O’Malley: Tough on Checkbooks, not on crime
When O’Malley talks about being tough on crime, this is not what I think of:
With more inmates and fewer beds, Maryland‘s prison agency is considering alternatives to locking people up.
Public Safety and Correctional Services Secretary Gary Maynard says in a report to the General Assembly that more low-risk offenders may be released on parole, and that the use of home detention may be expanded.
Maynard also says the agency is expanding its use of technology enabling low- and moderate-risk offenders on parole or supervised probation to report through computer kiosks instead of in person.
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Notice that Secretary Maynard did not say “non-violent offenders” but “low-risk offenders.” Whatever that means.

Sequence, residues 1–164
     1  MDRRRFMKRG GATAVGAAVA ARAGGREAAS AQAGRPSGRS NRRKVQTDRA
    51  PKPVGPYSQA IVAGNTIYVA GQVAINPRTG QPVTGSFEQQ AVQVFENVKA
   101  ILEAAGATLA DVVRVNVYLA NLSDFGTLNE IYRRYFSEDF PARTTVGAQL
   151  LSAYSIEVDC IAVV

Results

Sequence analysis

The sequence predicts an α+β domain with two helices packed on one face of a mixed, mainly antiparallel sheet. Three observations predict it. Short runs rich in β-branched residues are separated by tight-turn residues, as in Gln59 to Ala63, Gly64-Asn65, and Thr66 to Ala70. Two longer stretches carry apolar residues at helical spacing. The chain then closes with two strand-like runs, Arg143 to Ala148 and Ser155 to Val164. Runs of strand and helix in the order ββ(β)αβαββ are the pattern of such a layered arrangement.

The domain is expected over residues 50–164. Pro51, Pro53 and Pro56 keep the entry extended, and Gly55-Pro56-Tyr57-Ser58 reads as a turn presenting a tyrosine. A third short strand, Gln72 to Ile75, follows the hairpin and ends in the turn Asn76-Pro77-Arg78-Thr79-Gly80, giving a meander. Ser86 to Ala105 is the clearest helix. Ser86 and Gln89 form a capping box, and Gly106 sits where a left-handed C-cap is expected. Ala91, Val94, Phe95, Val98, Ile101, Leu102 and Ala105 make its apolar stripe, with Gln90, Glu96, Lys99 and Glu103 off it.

Of course, the problem with these kind of odd little ideas is the fact that programs like these realistically do little to improve public safety, and certain do little to provide the punishment that incarceration is supposed to bring. It’s bad enough that parole continues to exist, since it should be abolished for all criminals for all offenses. But this kind of “catch and release” program seems to address a serious problem by creating an even more serious problem for the working and middle class families that will live and work among these freshly released convicts everyday.
I just wonder how O’Malley can talk about making public safety a priority when his administration wants to put criminals back into our communities in this manner.